Former executive councillor Barry Cheung Chun-yuen leaked threatening e-mails and a letter allegedly sent by businessman Lew Mon-hung to Chief Executive Leung Chun-ying and the head of the anti-graft body, a court heard yesterday.
Lawyer Graham Harris SC, for Lew, said the defence "had it on good authority" that Cheung, a close associate of Leung, "was the person responsible for leaking the e-mail to the press".
He was speaking in the District Court, which is hearing Lew's application for a stay of proceedings in his trial for perverting public justice.
Harris said Lew was not fairly treated and that Leung had withheld material evidence - a letter from Lew to him on January 29 - from the prosecution.
District Judge Poon Siu-tung will give his ruling on Tuesday.
Lew, former deputy chairman and executive director of Pearl Oriental Oil, is accused of sending two e-mails and a letter to Leung and the head of the Independent Commission Against Corruption, Simon Peh Yun-lu, in an attempt to get them to halt an ICAC investigation against him or others because of his past association with Leung. He denies the charge.
Harris said that in January Lew had received a letter from Leung, the contents of which he did not disclose.
He said Lew had replied to the letter on January 29, voicing his concern and suspicion that Cheung was the informer after the press reported the existence of the alleged threats a few days earlier.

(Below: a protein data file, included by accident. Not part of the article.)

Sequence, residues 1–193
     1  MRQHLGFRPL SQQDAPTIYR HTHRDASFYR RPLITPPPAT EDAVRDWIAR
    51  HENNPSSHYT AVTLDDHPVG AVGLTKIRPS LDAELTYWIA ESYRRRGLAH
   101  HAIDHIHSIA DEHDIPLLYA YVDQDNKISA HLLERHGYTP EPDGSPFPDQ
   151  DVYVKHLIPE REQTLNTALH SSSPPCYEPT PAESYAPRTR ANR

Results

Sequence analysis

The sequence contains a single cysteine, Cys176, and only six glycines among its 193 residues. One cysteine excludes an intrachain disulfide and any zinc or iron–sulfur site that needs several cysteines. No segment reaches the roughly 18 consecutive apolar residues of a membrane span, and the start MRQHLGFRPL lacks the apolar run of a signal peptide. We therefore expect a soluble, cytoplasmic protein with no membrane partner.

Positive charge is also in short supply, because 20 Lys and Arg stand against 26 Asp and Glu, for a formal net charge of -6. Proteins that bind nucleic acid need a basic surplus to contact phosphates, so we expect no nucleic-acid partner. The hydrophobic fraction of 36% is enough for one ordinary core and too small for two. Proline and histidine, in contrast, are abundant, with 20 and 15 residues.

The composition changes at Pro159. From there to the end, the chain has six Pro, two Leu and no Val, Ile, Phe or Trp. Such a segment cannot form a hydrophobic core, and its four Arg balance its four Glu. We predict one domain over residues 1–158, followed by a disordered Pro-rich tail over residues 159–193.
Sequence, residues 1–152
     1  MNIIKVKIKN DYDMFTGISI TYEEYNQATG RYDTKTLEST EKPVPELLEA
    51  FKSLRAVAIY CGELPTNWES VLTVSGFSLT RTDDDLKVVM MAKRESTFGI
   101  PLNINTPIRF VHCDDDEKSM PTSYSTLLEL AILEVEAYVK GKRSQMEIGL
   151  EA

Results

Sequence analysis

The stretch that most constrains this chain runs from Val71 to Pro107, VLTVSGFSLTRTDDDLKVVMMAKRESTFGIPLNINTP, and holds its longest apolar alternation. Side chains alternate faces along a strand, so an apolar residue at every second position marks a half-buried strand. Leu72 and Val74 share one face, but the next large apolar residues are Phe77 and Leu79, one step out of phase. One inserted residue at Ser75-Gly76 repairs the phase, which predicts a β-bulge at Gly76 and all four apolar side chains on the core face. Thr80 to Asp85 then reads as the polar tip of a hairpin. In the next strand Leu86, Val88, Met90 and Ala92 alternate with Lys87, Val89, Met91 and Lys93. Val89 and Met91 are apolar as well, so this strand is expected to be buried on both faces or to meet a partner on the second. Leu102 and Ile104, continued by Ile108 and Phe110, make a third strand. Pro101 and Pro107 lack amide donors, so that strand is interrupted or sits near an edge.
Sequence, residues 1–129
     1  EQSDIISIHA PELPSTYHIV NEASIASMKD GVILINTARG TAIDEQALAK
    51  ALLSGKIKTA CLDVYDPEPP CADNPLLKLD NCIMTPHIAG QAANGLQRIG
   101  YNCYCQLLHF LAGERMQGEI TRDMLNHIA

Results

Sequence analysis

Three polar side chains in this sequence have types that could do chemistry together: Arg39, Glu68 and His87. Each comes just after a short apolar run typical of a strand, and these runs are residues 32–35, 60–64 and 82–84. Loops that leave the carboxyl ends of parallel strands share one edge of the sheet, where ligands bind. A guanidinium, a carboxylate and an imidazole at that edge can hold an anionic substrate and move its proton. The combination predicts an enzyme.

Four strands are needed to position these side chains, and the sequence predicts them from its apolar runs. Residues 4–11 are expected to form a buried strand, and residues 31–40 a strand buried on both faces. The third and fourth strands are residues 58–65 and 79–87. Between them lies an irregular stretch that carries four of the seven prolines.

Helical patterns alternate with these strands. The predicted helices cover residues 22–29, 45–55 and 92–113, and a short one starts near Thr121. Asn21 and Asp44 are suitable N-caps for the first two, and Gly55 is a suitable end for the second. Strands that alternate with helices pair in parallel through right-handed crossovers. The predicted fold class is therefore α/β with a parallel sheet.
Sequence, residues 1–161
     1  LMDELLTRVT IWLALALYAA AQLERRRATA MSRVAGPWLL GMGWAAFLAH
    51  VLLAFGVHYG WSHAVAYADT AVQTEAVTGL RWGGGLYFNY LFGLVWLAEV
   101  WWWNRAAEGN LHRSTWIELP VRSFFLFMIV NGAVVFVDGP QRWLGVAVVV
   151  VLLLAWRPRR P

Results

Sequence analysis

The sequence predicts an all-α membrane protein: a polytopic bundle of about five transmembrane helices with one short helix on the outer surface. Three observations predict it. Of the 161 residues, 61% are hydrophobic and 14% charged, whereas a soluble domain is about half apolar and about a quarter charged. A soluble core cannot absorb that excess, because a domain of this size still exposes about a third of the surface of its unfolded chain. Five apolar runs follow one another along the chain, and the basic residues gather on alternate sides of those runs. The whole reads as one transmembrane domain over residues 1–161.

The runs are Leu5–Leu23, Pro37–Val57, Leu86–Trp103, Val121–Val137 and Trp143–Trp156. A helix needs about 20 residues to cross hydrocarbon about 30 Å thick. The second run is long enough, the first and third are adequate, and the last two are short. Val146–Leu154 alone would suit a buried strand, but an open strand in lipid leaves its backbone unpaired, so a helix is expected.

Lew had also stated that he welcomed the ICAC's investigation into an alleged conspiracy to defraud shareholders in his company - over which he has since been charged - because he believed he was innocent and would not accept a political prosecution.
Prosecutor Simon Tam Man-fai SC said he was surprised that the letter was supplied by the defence.
"If the content of this letter is true, it appears that [Lew] is now admitting that he has sent the e-mails and letter to the chief executive," Tam said.
The defence submitted that in not disclosing the letter to the prosecution, Leung in effect had "concealed or the very least failed to disclose" evidence relevant to the case.
The defence also complained that Leung and Peh were not listed as witnesses in the perversion of justice case, saying they were "answerable to the court and the public for any conduct under scrutiny".
Asked by the judge if the defence would summon Leung and Peh, Harris said it was "a completely unrealistic proposition".